Russia’s central bank lowered its key monetary policy rate by 25 basis points to 7.50 percent and said it would continue to cut rates further as it moves toward a neutral policy stance this year as inflation is now sustainably low and inflation expectations continue to diminish.
It is Bank of Russia’s first rate cut this year and follows six rate cuts in 2017.
The central bank has now cut its key rate by 750 basis points since January 2015 when it slowly began rolling back a sharp 750 point rate hike in December 2014 aimed at protecting the ruble after it plunged in the wake of the Ukraine conflict.
Analysts had expected the rate cut following a drop in inflation to 2.2 percent in January, the lowest since measurements began in 1991, and well below the central bank’s 4.0 percent target.
And last week Elvira Nabiullina, Bank of Russia governor, then said rates could be cut faster than previously thought and as soon as today, adding she saw little economic or financial impact from possible new U.S. sanctions.
Nabiullina also said the central bank’s key rate could be brought to a neutral level of 6 or 7 percent sooner than the bank had planned as inflationary risks had eased.
The steady decline in Russia’s inflation rate from 2015 and the potential for further rate cuts will ease monetary conditions, setting up conditions for inflation to approach 4 percent and also enable the central bank to support domestic demand.
“This year annual inflation is much less likely to exceed 4%,” the central bank said, adding “in this environment the Bank of Russia will continue to reduce the key rate and may complete the transition from moderately tight to neutral monetary policy in 2018.”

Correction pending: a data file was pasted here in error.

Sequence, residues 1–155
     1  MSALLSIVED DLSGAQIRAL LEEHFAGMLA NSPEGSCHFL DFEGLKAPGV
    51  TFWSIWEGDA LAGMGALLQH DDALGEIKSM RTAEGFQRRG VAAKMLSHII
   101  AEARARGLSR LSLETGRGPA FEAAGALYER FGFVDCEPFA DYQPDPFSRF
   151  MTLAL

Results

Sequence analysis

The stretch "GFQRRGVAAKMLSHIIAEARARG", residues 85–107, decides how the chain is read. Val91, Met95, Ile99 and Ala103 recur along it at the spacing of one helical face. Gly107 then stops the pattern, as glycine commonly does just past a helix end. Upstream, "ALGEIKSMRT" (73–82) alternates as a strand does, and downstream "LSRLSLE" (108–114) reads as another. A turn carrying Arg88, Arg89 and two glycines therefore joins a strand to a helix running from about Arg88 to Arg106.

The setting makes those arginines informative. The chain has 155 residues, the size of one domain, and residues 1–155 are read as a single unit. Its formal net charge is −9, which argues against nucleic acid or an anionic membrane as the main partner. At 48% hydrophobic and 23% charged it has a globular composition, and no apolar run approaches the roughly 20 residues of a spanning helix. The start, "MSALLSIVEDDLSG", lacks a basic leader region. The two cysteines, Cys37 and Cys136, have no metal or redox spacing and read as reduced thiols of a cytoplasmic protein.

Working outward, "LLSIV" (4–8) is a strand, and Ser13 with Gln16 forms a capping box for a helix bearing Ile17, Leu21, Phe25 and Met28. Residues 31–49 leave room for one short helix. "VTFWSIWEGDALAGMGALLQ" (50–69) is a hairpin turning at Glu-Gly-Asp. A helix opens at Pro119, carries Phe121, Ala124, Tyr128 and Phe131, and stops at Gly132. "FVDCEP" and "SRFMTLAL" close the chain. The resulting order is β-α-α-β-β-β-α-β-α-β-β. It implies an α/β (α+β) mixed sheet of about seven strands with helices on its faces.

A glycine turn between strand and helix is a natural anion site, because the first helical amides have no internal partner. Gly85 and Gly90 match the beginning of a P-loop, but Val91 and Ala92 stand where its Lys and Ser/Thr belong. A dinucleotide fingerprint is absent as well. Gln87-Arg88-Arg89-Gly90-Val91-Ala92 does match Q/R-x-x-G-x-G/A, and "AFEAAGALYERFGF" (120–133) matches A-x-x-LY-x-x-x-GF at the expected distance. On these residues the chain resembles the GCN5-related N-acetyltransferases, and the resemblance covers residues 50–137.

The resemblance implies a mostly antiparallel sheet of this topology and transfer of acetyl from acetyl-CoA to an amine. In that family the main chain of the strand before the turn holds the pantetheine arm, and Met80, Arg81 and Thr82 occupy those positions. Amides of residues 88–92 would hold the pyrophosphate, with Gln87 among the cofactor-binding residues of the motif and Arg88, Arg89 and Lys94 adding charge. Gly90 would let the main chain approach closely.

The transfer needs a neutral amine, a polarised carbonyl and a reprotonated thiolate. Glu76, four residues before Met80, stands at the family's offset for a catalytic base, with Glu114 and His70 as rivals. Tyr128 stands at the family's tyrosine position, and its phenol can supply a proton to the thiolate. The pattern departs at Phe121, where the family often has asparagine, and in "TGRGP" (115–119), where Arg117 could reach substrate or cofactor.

The central bank expects inflation to continue to ease in the first half of this year due to the comparison with high food prices last year and then remain somewhat below 4 percent in 2018 and remain close to this in 2019.
The steady fall in inflation is helping curb inflation expectations though these still remain “unstable and uneven.” But this should decline as inflation falls and expectations become more anchored and less sensitive to sudden changes in food prices as in the past.
“Therefore the balance of inflationary and economic risks has slightly slightly towards the risks to economic growth,” the central bank said.
Russia’s economy pulled out of a deep recession last year though the pace of growth eased in the fourth quarter, the bank said.
But industrial output resumed its monthly growth in December and will be further supported by higher domestic demand as real wages rise and global economic growth expands.
Gross Domestic Product grew by an annual rate of 1.8 percent in the third quarter, down from 2.5 percent in the second quarter. For 2017 growth has been estimated at 1.5 percent, below the government’s aim for at least 2 percent growth.
Russia’s ruble has been rising steadily since January 2016 though it has depreciated in the last month. Today it was trading at 58.3 to the U.S. dollar, down 1 percent this year but up 3.8 percent since the start of 2017.
The Bank of Russia issued the following statement:
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